The potential role of a self-management intervention for ulcerative colitis: A brief report from the ulcerative colitis hypnotherapy trial

Laurie Keefer, Jennifer L. Kiebles, Monika A. Kwiatek, Olafur Palsson, Tiffany H. Taft, Zoran Martinovich, Terrence A. Barrett

Research output: Contribution to journalArticlepeer-review

32 Scopus citations


Inflammatory bowel diseases (IBD) are chronic inflammatory illnesses marked by unpredictable disease flares, which occur spontaneously and/or in response to external triggers, especially personal health behaviors. Behavioral triggers of flare may be responsive to disease self-management programs. We report on interim findings of a randomized controlled trial of gut-directed hypnotherapy (HYP, n = 19) versus active attention control (CON, n = 17) for quiescent ulcerative colitis (UC). To date, 43 participants have enrolled; after 5 discontinuations (1 in HYP) and 2 exclusions due to excessive missing data, 36 were included in this preliminary analysis. Aim 1 was to determine the feasibility and acceptability of HYP in UC. This was achieved, demonstrated by a reasonable recruitment rate at our outpatient tertiary care clinic (20%), high retention rate (88% total), and our representative IBD sample, which is reflected by an equal distribution of gender, an age range between 21 and 69, recruitment of ethnic minorities ({reversed tilde}20%), and disease duration ranging from 1.5 to 35 years. Aim 2 was to estimate effect sizes on key clinical outcomes for use in future trials. Effect sizes (group × time at 20 weeks) were small to medium for IBD self-efficacy (.34), Inflammatory Bowel Disease Questionnaire (IBDQ) total score (.41), IBDQ bowel (.50), and systemic health (.48). Between-group effects were observed for the IBDQ bowel health subscale (HYP & CON; p =.05) at 20 weeks and the Short Form 12 Health Survey Version 2 (SF-12v2) physical component (HYP & CON; p <.05) at posttreatment and 20 weeks. This study supports future clinical trials testing gut-directed HYP as a relapse prevention tool for IBD.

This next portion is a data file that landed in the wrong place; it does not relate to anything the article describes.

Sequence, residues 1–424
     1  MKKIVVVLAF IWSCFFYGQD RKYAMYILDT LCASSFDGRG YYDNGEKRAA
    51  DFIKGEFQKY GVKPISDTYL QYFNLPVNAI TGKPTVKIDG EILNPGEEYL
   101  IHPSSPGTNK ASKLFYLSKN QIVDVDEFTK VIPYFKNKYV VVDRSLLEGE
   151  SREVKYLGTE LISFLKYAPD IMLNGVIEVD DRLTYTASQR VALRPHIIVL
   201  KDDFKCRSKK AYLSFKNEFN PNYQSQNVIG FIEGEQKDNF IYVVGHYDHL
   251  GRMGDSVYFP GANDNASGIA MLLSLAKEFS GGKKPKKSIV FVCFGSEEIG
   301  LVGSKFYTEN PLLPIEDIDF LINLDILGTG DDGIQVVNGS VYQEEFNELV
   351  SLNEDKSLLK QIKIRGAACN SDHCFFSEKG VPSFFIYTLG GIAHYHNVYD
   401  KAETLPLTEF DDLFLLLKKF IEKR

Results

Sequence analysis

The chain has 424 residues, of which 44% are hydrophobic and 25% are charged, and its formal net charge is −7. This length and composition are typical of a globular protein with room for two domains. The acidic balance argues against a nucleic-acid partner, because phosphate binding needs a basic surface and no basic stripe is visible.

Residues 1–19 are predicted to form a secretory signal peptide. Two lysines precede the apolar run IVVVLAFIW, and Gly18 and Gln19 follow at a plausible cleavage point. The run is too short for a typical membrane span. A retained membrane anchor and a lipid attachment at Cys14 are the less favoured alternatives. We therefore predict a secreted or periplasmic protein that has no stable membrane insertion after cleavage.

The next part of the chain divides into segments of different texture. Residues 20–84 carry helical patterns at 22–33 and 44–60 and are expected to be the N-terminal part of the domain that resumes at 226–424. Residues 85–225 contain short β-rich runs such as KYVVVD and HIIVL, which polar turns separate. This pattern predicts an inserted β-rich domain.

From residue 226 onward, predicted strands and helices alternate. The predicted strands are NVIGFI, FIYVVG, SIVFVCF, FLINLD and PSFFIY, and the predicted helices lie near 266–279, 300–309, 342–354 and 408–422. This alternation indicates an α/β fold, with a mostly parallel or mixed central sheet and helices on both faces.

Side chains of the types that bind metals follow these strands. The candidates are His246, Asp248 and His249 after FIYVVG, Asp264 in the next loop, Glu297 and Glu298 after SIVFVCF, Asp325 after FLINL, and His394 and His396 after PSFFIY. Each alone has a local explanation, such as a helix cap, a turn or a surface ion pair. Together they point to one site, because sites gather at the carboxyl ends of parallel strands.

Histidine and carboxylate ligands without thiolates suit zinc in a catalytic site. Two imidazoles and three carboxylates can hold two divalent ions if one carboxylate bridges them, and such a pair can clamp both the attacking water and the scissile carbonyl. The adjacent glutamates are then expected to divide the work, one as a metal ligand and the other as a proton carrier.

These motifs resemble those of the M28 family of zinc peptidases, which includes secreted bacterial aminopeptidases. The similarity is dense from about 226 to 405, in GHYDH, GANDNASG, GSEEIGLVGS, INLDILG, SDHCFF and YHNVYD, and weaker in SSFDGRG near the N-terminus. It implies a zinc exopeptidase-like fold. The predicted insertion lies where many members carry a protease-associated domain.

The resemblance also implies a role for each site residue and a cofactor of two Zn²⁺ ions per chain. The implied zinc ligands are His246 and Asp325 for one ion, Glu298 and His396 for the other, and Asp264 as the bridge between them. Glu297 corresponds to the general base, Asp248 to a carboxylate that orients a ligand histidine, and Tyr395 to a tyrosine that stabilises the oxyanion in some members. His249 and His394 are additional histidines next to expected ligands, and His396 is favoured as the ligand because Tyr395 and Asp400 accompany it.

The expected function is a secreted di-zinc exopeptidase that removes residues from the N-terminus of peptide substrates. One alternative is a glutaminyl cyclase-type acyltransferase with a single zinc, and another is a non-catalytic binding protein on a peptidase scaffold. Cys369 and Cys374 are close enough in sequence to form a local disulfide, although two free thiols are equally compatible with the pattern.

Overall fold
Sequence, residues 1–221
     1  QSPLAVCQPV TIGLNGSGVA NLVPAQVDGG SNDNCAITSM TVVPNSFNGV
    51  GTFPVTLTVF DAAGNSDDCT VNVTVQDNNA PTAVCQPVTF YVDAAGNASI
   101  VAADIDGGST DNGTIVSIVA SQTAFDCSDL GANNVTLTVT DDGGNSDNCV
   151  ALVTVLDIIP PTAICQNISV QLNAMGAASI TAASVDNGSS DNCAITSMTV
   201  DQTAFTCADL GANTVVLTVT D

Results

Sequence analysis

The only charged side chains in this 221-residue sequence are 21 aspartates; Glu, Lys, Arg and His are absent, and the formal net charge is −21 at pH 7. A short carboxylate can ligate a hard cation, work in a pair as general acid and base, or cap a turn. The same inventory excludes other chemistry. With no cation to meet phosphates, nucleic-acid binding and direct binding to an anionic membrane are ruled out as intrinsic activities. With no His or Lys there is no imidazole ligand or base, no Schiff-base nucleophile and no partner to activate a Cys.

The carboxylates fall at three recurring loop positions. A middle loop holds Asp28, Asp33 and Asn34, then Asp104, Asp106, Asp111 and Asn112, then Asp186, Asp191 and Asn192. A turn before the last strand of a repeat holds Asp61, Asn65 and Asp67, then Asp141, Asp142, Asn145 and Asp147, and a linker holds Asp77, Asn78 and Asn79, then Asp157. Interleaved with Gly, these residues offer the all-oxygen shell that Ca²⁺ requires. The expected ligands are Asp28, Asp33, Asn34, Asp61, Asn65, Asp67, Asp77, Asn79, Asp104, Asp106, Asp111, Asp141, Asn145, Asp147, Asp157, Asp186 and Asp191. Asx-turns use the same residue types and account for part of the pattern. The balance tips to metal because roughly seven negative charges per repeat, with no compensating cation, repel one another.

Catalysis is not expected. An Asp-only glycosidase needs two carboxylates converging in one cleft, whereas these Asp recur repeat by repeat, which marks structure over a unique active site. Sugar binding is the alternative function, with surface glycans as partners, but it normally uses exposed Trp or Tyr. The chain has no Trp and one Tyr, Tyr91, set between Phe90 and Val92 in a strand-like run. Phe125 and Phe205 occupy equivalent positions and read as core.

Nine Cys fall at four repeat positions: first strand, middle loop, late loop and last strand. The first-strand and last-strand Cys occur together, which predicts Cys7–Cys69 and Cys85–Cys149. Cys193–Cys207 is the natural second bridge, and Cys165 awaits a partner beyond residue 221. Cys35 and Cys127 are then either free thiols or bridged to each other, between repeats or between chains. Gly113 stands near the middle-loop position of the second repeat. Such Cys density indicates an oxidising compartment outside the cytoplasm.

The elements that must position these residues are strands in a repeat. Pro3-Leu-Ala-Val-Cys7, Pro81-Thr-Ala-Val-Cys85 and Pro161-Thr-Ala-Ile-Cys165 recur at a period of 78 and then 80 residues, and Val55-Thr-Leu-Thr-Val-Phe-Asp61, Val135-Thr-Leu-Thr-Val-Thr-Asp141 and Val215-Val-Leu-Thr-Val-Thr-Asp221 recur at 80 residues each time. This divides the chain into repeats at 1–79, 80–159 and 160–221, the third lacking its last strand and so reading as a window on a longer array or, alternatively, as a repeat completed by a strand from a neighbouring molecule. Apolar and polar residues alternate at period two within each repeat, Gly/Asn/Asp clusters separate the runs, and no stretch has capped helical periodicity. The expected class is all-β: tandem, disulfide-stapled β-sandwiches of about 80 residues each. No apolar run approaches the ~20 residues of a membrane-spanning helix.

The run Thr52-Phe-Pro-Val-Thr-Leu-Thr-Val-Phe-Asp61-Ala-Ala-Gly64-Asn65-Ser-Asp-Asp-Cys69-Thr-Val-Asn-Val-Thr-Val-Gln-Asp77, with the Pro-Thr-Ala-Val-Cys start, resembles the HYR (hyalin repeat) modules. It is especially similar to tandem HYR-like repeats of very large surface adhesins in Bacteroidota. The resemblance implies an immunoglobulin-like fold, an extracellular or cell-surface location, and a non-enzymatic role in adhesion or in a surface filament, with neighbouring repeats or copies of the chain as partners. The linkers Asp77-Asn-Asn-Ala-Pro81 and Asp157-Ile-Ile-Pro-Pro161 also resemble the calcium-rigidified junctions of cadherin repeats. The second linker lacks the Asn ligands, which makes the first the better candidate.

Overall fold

Original languageEnglish
Pages (from-to)71-77
Number of pages7
JournalBiological Research for Nursing
Issue number1
StatePublished - Jan 2012

Bibliographical note

Funding Information:
The author(s) disclosed receipt of the following financial support for the research and/or authorship of this article: The National Institutes of Health, Institute for Complementary and Alternative Medicine awarded to the first author (grant number R21AT003204).


  • hypnotherapy
  • inflammatory bowel disease
  • self-efficacy
  • self-management
  • ulcerative colitis

ASJC Scopus subject areas

  • Research and Theory


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